• Thoracentesis, which uses a needle inserted through a space between your ribs to draw out fluid or air. You will feel some immediate relief, but it may take several days for your lung to completely fill with air again.
    • If pneumonia causes a continuing buildup of fluid or pus in the space between your lungs and your ribcage, you may need a flexible tube inserted between your ribs into your chest. Suction is often used to help drain infected fluid from the space between your rib cage and lungs. The tube will be removed when the infection is better.

    This type of pneumonia often needs several weeks of treatment with an antibiotic. With treatment, you may recover in 1 to 4 weeks. If you are over 60 years old or have other medical problems, it may take longer to get your strength back and feel normal.

    How Can Aspiration Pneumonia Be Prevented

    If you are bed-bound and at risk of aspiration, keeping the head end of the bed raised at an angle of 30° may help.

    If you have swallowing difficulties, reduced sensitivity to irritants at the back of your throat, or some other condition that makes you prone to aspiration, feeding through a nasogastric tube may reduce the risk.

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    How Is Aspiration Pneumonia Treated

    Aspiration pneumonia is treated primarily with antibiotics. The choice of antibiotics depends on several things, including any allergies to penicillin and where the pneumonia was acquired. Hospital-acquired infections must be treated with antibiotics that are effective against many types of bacteria.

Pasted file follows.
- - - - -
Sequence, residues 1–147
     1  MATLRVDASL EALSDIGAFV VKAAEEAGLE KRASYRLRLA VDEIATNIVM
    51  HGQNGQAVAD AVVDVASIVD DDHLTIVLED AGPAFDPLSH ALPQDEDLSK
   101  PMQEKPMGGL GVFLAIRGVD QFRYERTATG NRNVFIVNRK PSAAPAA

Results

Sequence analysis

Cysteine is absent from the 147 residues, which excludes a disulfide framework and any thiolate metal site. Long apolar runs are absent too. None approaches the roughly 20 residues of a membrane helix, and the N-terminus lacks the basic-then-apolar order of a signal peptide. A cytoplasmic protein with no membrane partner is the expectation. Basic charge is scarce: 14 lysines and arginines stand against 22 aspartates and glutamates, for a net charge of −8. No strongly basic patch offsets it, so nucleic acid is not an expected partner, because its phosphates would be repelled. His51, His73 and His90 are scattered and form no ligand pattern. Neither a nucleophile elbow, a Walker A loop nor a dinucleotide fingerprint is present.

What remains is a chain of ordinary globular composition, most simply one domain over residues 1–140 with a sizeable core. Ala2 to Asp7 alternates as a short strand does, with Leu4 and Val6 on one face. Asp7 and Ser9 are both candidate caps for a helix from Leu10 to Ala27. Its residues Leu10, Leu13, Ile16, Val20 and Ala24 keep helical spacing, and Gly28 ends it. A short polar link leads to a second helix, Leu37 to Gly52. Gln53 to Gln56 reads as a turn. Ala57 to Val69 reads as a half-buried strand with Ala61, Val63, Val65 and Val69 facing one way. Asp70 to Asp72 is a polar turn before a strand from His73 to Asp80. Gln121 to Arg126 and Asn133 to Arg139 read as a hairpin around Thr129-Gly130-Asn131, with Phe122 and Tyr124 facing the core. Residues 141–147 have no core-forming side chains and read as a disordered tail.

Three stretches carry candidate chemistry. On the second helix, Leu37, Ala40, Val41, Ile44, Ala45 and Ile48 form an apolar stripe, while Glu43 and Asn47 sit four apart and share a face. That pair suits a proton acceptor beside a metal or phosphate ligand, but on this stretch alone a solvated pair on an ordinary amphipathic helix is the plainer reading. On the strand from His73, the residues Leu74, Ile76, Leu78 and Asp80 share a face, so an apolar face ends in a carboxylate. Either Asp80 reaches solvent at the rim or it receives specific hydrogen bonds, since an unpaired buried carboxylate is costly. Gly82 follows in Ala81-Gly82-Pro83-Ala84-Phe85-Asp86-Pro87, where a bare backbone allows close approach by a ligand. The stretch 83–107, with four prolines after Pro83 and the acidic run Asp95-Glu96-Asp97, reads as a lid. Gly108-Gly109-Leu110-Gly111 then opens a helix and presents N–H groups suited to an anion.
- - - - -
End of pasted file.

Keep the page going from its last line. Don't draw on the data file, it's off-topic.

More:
Even though aspiration pneumonitis isnt an infection, your provider may start antibiotic therapy, depending on the clinical situation and underlying medical conditions.

    Additional treatment might include oxygen therapy or, in life-threatening cases, mechanical ventilation. Mechanical ventilation means that a machine is breathing for you.

    Preventing further aspiration is an important part of treatment, since every episode of aspiration can lead to inflammation or infection.

    Enhancing Healthcare Team Outcomes

    Aspiration pneumonia prevention skilled nurse facility 2012

    Aspiration pneumonia carries enormous morbidity and mortality. Delays in diagnosis and treatment result in a prolonged hospital stay and additional complications. The management of aspiration pneumonia is with an interprofessional team that consists of a nurse practitioner, primary care provider, internist, infectious disease specialist, radiologist, and pulmonologist.

    ICU nurses need to recognize aspiration and take appropriate measures. The head of the bed should be elevated, and if there is suspicion of aspiration, a swallow study should be performed before initiating feedings. The nurse should work with the clinician on educating the patient and family to minimize risks. A dietary consult should be made to determine the optimal method of providing nutrition. Patients need to be observed for respiratory distress. Further, these patients need pressure sore preventive measures and prophylaxis for deep vein thrombosis.